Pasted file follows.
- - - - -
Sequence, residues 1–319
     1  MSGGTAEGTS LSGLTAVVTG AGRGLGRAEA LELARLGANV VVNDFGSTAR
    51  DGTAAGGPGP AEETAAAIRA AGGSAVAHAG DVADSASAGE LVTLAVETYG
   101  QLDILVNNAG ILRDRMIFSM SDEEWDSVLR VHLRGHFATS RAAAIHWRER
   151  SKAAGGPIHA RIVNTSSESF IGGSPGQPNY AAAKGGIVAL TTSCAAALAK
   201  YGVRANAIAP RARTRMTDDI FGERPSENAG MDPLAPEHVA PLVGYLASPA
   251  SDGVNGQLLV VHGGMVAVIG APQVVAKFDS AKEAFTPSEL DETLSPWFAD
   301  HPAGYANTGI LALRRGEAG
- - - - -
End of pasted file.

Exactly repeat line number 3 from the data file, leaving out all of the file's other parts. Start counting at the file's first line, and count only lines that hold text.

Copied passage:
    51  DGTAAGGPGP AEETAAAIRA AGGSAVAHAG DVADSASAGE LVTLAVETYG